Wednesday, January 17, 2007

PBS 4 hour production on "The Mormons"

   Deseret Morning News, Sunday, January 14, 2007

  'The Mormons' on PBS takes aim at stereotypes

       By Scott D. Pierce
Deseret Morning News

   PASADENA, Calif. — Award-winning filmmaker Helen Whitney has one
over-arching goal for her four-hour production "The Mormons," which
airs this spring on PBS.

"I hope that most of the stereotypes — ideally, all of them — will be
blown away," she told the Deseret Morning News on Saturday. "Because
so many of them are just based on ignorance. Ignorance about Mormon
history, ignorance about Mormon theology. Ignorance."

  The two-part, four-hour documentary, a presentation of both
"American Experience" and "Frontline" — their first co-production — is
to air nationally on April 30 and May 1.

  After spending three years on the project, Whitney is well aware of
the stereotypes and ignorance that's out there.

  "Most of the time when I bring up what I'm doing and I talk about it
with people, the first word that comes up is polygamy," she said.

  Indeed, introducing the documentary to a gathering of television
critics from across the country, it took only moments for the subject
to be raised. It was addressed in the first question asked of Whitney
and a panel that included KUED's Ken Verdoia and authors Will Bagley
and Terryl Givens.

  (And, interestingly, in addition to asking about the Osmonds,
television critics — learning that the men have Utah ties — assumed
all three are active members of The Church of Jesus Christ of
Latter-day Saints; only Givens is.)

  Whitney has no illusions that "The Mormons" will answer all
questions about the LDS Church.

  "It is not exhaustive. It is not comprehensive. It is thematic,"
said Whitney, who worked with both LDS and non-LDS consultants. "I
have chosen what I felt to be the defining ideas and themes and events
in Mormon history that would help outsiders go inside the church."

  It's not altogether chronological, but "roughly so."

  The first night, on "American Experience," addresses LDS Church
history, with themes that include revelation, persecution leading to
exodus, polygamy and "the great accommodation" when the church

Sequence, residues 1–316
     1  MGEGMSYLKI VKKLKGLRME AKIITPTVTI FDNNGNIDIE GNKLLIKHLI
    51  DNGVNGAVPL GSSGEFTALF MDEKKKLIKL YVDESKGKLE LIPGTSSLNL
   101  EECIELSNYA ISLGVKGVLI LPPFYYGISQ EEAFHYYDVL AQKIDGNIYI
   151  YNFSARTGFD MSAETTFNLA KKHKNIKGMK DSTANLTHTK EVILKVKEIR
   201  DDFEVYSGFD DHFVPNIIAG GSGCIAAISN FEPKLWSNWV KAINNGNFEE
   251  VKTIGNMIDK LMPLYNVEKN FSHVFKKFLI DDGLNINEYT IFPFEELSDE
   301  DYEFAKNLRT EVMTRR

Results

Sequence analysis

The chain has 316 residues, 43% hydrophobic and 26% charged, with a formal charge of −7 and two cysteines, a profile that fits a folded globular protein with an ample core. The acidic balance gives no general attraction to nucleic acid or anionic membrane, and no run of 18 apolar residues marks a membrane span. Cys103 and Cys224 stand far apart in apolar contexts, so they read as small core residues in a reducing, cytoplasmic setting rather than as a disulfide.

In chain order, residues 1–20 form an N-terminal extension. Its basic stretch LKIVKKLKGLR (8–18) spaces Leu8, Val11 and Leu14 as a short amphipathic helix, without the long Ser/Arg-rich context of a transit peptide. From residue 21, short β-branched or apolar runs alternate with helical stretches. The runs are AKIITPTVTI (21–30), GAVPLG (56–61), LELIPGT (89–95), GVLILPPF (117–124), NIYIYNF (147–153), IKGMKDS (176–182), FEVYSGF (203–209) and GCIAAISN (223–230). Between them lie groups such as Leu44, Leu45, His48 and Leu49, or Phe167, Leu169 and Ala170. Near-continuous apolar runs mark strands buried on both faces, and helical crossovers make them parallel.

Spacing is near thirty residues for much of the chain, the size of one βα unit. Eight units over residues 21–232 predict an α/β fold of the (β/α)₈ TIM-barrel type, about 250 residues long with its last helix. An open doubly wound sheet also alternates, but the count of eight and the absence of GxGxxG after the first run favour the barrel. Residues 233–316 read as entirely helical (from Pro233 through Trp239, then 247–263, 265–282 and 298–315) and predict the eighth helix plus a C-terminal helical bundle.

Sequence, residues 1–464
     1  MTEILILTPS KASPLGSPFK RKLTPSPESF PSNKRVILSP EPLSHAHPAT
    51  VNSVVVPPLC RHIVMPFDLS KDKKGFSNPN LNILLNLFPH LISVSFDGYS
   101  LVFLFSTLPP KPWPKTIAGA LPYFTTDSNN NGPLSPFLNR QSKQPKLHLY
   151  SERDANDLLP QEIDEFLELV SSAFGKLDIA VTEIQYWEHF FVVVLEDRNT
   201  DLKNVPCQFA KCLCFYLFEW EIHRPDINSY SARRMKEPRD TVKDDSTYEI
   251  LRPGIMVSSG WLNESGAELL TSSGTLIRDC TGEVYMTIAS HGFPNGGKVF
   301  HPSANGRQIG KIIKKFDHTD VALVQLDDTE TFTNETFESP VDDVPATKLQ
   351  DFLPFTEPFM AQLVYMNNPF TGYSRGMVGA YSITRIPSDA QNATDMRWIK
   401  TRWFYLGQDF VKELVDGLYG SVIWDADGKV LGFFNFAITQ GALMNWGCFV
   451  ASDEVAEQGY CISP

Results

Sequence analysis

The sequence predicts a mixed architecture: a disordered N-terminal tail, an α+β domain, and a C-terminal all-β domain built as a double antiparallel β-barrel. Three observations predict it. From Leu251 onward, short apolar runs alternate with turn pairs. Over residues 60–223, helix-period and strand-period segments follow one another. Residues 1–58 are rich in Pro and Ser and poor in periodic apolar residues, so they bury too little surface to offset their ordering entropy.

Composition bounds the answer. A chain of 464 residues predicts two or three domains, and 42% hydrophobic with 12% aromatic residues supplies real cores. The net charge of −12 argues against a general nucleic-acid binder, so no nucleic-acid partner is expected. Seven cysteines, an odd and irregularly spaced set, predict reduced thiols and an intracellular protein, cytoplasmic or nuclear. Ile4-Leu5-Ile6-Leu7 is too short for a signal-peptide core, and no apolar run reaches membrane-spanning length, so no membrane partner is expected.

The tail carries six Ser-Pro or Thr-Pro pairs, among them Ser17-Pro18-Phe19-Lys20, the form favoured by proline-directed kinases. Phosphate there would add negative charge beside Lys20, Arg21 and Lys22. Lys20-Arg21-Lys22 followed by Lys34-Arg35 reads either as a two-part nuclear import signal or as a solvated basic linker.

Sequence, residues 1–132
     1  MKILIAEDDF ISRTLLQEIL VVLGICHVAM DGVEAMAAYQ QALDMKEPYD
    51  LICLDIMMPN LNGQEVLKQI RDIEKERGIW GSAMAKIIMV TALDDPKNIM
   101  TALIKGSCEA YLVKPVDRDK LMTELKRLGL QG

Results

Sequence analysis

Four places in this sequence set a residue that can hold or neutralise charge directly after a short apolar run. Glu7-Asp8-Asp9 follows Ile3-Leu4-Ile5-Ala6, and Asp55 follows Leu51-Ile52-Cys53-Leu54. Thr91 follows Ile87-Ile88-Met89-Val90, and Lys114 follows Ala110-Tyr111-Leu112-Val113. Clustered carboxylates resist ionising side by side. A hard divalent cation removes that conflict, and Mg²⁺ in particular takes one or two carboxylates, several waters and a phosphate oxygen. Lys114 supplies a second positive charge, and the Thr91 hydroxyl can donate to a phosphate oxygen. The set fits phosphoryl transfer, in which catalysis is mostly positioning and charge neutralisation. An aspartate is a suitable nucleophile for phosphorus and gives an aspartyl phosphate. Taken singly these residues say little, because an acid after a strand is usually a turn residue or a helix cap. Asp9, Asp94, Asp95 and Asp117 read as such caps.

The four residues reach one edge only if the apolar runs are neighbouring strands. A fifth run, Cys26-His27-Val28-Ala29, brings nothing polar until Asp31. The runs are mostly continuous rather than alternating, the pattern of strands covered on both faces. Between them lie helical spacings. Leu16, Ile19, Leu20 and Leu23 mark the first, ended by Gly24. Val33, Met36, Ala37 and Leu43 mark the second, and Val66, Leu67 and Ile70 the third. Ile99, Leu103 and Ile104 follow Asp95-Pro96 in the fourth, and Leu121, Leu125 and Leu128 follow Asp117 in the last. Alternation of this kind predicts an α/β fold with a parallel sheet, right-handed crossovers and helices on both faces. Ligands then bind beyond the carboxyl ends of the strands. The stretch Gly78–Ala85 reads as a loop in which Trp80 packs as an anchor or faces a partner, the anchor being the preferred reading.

renounced plural marriage.

  The second night, on "Frontline," deals with the modern church —
missionary work, family, temples, dissenters and "the extraordinary
transformation from a people who are outsiders and pariahs to the
mainstream. It is one of the great, neglected narratives of American
religious history," Whitney said.

  Also timed to air in April in conjunction with the two-part
documentary are three "Antiques Roadshow" episodes filmed in Salt Lake
City, looking at memorabilia from the West and early days of the LDS

  "The Mormons" is not a film about Utah. Whitney traveled across the
country, from New York to California; she sent a film crew to Ghana.

  "Mormons are everywhere, and I wanted to make that point," she said.
"There are more Mormons outside of America than in this country. And
even within America, there are many Mormons outside of Utah. So only a
small part of it was shot in Utah."

  She spent three years working on the film, interviewing "hundreds
and hundreds of people" ranging from LDS Church President Gordon B.
Hinckley to everyday church members to those who are openly
antagonistic toward the church.

  She attended ward meetings and made visits with home teachers; she
spoke with people who had been excommunicated.

  "The Mormons" will no doubt displease anyone who doesn't want to
hear a negative word about the LDS Church. At the same time, it's
going to anger those who don't want to hear anything good about it.

  The LDS Church was "absolutely cooperative" in the making of the
film, said Whitney, an Emmy and Peabody Award winner who profiled
monks in "The Monastery," profiled John Paul II in "The Millennial
Pope" and looked at religion in the wake of terrorism in "Faith and
Doubt at Ground Zero."

  "They had seen my films. They realized ... that I was not going to
approach them and be uncritical but I would be respectful," she said.
"And it would be an intelligent film and searching."

  Whitney's goal is not to recruit people to become Mormons, nor is it
to discourage current or prospective members. She is hoping, however,
that "The Mormons" will prompt viewers to examine their own beliefs.

  "I would also like them to take a deep and searching look into their
own religion and see the ways in which there are commonalities as well
as uniqueness and difference," she said. "I think that by looking into
the Mormon heart, you look into your own."

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